WHEREFORE, it is hereby ORDERED that:

The Court ORDERS that the parental, custodial, and guardianship rights of the Respondent [R.H.] be terminated as those rights relate to the infant children, [E.H.] and [J.S.], due to aggravated circumstances.

(Emphasis added.)

Admittedly, the dispositional order itself is not a model of clarity as to the circuit court's rationale for its findings. It is necessary, in order to truly discern the court's rationale, to piece together the various orders and findings on the record during the dispositional hearing. However, the law does not require a circuit court to state all its findings of fact and conclusions of law in a written order. The West Virginia Rules of Procedure for Child Abuse and Neglect Proceedings require a court to “make findings of fact and conclusions of law, in writing or on the record, as to the appropriate disposition in accordance with the provisions of W. Va. Code § 49-4-604.” W. Va. R. Proc. Child Ab. & Negl. Proc. 36(a) [eff. 2015] (emphasis added). Therefore, we do not review a dispositional order in isolation.2 See In re J.M., No. 19-0548, 2020 WL 1231713, at *3 (W. Va. Mar. 13, 2020) (memorandum decision) (stating that “the record supports the circuit court's finding that there was no reasonable likelihood petitioner could substantially correct the conditions of neglect, given his untreated alcohol addiction and anger management issues” (emphasis added)).

I do not wish to condone the admitted dearth of detailed findings contained in the circuit court's dispositional order. The statutes, rules and case law governing abuse and neglect proceedings in West Virginia call for findings indicating that the circuit court has reviewed the evidence and properly applied the applicable statutory requirements to such evidence in reaching its determination to terminate a parent's parental rights. Here, while the order itself does not provide sufficient findings in this regard, the order, the circuit court's prior November 1, 2021 order and its findings on the record, albeit minimal, are sufficient in my view to support the circuit court's determination. Therefore, I disagree with the majority opinion's conclusion that the circuit court's dispositional order, as supplemented by the circuit court's findings from the bench, should be vacated. Accordingly, I would affirm the circuit court's termination of Petitioner's parental, custodial, and guardianship rights to E.H and J.S.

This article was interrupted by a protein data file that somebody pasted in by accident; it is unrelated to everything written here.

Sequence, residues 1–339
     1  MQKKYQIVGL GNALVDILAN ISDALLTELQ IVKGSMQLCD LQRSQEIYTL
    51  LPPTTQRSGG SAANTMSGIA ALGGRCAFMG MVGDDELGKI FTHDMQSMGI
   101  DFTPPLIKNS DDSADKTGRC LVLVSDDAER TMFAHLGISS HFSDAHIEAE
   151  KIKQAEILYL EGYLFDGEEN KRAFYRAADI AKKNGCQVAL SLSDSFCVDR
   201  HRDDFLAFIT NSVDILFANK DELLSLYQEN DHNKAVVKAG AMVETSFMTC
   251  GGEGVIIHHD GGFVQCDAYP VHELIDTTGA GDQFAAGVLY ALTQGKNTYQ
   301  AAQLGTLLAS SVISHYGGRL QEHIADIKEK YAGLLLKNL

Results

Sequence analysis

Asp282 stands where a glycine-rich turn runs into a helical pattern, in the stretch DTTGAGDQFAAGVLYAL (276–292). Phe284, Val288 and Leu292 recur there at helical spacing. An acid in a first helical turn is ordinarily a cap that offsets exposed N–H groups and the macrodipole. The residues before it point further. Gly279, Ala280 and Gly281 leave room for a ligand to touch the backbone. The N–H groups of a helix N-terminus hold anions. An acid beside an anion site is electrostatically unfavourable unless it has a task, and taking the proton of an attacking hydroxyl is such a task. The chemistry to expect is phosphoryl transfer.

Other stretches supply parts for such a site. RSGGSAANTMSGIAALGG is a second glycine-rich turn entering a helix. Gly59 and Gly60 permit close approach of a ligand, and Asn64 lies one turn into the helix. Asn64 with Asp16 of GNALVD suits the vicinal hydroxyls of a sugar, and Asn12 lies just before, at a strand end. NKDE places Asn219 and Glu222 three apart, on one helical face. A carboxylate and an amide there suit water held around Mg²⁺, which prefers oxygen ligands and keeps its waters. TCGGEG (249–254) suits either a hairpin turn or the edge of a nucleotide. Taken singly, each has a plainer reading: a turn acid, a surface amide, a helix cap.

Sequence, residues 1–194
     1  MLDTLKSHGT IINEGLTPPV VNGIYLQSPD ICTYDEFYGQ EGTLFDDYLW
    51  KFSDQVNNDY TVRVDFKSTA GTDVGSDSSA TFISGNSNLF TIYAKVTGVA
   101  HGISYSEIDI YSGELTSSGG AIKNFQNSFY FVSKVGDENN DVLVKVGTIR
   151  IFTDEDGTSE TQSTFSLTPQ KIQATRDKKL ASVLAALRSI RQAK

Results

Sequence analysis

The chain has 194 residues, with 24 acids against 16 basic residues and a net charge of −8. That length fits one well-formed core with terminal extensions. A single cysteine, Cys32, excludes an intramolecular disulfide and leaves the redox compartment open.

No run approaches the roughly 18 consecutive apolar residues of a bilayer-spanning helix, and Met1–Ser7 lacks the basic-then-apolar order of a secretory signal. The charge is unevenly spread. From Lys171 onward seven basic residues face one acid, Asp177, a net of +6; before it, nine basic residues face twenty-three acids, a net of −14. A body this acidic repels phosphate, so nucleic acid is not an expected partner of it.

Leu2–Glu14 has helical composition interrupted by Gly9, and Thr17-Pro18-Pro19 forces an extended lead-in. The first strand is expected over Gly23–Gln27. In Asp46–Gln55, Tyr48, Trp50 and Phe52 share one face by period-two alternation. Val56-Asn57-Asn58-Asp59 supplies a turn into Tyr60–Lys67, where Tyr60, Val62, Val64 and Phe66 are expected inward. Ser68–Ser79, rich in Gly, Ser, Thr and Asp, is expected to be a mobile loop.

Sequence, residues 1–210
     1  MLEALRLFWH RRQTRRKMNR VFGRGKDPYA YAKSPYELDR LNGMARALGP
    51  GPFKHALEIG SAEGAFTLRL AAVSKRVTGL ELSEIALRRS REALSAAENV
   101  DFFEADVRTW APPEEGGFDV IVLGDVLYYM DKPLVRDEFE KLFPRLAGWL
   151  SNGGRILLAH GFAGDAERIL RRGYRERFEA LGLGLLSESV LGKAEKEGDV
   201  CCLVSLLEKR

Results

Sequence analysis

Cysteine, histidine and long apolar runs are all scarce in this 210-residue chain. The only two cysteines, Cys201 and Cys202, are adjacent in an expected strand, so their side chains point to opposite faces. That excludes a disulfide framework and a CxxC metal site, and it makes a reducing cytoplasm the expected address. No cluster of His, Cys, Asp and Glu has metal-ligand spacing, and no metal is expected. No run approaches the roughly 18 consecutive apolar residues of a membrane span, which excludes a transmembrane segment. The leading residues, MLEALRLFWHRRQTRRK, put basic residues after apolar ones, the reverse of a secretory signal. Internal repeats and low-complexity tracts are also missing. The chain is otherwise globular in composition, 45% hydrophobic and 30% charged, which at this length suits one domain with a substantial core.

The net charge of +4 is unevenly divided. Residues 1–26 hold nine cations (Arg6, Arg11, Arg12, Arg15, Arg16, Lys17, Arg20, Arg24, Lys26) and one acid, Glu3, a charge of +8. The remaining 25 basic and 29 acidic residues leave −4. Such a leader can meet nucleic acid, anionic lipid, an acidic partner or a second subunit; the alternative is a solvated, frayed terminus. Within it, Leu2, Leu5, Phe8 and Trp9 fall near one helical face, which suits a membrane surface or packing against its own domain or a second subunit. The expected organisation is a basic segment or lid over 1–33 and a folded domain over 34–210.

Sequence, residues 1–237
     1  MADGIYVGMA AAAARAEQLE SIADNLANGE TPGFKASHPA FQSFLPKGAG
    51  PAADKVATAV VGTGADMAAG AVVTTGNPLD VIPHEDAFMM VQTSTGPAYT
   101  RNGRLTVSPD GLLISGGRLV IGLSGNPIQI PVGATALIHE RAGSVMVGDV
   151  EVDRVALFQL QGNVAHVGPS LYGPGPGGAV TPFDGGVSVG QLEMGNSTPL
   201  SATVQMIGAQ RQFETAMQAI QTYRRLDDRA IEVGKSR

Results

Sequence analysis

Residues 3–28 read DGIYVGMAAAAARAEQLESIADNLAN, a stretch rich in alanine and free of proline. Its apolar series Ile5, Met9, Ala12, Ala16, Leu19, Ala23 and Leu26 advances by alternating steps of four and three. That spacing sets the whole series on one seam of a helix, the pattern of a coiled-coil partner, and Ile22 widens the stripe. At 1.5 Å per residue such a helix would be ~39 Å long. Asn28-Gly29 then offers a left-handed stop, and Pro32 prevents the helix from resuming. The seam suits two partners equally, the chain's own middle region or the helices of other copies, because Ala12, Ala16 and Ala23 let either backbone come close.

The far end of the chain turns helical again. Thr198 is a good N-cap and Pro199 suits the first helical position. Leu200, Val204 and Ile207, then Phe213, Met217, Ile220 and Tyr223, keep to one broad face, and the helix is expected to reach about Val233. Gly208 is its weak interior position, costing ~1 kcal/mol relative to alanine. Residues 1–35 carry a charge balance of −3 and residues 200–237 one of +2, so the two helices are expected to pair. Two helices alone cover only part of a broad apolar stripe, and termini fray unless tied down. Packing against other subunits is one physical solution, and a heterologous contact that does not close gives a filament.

1.   By statute, “aggravated circumstances” are present, among other occasions, when the court finds that a “parent has subjected ․ any ․ child residing in the same household or under the temporary or permanent custody of the parent to ․ sexual abuse[.]” W. Va. Code § 49-4-604(c)(7)(A). Such a finding relieves the Department of Health and Human Resources of any duty “to make reasonable efforts to preserve the family[.]” W. Va. Code § 49-4-604(c)(7).

2.   See Syl. Pt. 4, in part, In re Edward B., 210 W. Va. 621, 558 S.E.2d 620 (2001) (“Where a trial court order terminating parental rights merely declares that there is no reasonable likelihood that a parent can eliminate the conditions of neglect, without explicitly stating factual findings in the order or on the record supporting such conclusion, and fails to state statutory findings required by West Virginia Code § 49–6–5(a)(6) (1998) (Repl.Vol.2001) on the record or in the order, the order is inadequate.” (emphasis added)).

Armstead, Justice, dissenting: